Economist says cooling inflation positive news, returning to 2% elusive



(The Center Square) – Inflation eased in May for a second straight month, but an economist sees signs the economy is showing signs of slowing down.

Core prices climbed 3.4%, below last month’s 3.6% rise, the lowest increase in three years. Contributing to the inflation numbers, average gas prices tumbled 3.6% nationally from April to May to $3.46 a gallon. According to AAA, the average price for a gallon of gas in Illinois is $3.76.

“The good news is that unless Congress decides to go on another stimulus spree, a return to 9% inflation is unlikely,” said Ryan Young, chief economist with the Competitive Enterprise Institute. “The economy’s good overall economic health means that Congress can hopefully restrain itself.”

The University of Illinois Flash Index, a measure of Illinois’ economy, fell slightly to 102.6 in May due to weak state revenue growth. Any figure over 100 signals growth.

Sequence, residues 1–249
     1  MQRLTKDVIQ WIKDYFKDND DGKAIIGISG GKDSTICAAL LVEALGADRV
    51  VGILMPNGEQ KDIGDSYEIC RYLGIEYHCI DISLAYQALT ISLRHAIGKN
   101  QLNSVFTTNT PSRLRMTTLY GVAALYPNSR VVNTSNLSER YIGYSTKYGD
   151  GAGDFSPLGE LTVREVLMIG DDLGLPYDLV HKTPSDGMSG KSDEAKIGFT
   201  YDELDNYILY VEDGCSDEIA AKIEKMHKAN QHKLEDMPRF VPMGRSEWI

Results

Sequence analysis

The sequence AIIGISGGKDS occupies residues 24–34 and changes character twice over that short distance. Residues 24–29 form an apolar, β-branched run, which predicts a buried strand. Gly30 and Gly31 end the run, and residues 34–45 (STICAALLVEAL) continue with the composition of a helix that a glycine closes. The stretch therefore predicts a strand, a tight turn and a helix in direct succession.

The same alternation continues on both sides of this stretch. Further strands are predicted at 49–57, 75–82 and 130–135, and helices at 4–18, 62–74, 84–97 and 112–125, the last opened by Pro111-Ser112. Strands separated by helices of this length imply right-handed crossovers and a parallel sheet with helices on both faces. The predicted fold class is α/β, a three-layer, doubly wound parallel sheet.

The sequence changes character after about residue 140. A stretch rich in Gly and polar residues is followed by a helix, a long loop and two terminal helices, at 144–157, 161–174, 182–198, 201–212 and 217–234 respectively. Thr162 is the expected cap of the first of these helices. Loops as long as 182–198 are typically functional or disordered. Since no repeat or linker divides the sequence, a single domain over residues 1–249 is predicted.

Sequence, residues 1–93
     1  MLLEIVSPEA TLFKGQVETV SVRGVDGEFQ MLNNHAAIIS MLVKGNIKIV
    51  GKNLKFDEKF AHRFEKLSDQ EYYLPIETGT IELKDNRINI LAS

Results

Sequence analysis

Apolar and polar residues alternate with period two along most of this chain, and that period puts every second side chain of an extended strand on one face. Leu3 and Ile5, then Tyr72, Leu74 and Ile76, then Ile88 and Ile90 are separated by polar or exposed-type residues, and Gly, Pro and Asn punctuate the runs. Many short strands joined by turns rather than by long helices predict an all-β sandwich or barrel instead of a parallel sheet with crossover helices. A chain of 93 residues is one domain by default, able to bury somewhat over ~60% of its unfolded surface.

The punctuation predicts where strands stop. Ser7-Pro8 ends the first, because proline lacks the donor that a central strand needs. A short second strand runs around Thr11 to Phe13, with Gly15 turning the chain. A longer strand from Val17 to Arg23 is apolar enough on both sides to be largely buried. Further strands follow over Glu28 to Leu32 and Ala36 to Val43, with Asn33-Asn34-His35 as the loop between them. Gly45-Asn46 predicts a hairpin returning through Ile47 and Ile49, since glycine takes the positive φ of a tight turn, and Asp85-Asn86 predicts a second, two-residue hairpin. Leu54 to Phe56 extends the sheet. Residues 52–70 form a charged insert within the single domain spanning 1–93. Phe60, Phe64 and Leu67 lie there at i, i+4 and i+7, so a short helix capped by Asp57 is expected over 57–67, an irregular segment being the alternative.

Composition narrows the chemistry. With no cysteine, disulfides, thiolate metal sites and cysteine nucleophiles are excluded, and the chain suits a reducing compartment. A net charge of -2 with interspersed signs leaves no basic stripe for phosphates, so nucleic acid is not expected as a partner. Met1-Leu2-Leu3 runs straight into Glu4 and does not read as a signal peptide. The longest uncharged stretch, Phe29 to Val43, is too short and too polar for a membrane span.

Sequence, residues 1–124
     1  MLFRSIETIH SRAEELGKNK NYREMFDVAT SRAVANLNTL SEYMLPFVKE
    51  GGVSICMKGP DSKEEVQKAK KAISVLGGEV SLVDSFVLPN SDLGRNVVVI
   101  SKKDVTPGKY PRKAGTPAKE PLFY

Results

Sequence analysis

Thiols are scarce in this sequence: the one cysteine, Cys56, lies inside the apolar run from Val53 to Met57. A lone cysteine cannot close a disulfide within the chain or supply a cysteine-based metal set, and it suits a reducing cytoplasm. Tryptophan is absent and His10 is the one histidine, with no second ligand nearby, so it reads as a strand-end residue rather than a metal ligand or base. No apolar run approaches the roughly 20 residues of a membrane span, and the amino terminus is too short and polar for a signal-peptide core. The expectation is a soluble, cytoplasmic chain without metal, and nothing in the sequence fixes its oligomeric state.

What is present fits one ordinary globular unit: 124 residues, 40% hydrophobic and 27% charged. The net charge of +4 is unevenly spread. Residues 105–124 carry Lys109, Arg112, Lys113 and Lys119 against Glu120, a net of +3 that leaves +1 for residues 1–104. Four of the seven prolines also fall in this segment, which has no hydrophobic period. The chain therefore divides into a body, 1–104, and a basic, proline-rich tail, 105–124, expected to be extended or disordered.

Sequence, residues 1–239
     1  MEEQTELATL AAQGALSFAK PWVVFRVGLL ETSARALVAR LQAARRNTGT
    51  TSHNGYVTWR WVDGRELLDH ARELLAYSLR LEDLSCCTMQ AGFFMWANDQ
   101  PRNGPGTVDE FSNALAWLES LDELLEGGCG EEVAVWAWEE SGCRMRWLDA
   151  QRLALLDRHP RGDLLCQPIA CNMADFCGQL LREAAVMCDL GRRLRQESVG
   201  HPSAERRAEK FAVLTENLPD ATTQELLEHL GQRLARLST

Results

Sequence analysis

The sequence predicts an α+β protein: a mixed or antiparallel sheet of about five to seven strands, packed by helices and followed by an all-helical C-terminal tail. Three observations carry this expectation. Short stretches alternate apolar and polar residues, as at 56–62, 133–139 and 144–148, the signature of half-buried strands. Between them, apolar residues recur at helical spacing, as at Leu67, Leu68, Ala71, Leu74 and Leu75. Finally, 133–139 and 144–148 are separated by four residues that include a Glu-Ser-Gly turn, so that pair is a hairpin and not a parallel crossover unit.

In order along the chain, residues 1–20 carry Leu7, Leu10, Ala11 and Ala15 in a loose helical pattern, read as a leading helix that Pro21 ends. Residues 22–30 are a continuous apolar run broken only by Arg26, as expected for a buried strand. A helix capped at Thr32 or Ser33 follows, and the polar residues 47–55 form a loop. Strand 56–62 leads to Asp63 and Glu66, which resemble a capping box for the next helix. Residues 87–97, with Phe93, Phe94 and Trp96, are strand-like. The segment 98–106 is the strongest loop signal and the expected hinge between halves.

“The U.S. and Illinois economies remain in what most observers believe is the long-desired soft landing characterized by slower growth and moderating inflation while avoiding a recession,” said Fred Giertz, professor emeritus at the Institute of Government and Public Affairs at the University of Illinois Urbana-Champaign.

Most other measures suggest the economy is healthy, including unemployment numbers, which remain relatively low. The national unemployment rate is 4%, while Illinois’ unemployment rate is at 4.8%

The Federal Reserve on Wednesday kept its key interest rate unchanged and hinted that just one rate cut is expected before the end of the year.

“Inflation has eased over the past year but remains elevated,” said a statement from The Federal Reserve. “In recent months, there has been modest further progress toward the Committee’s 2% inflation objective.”

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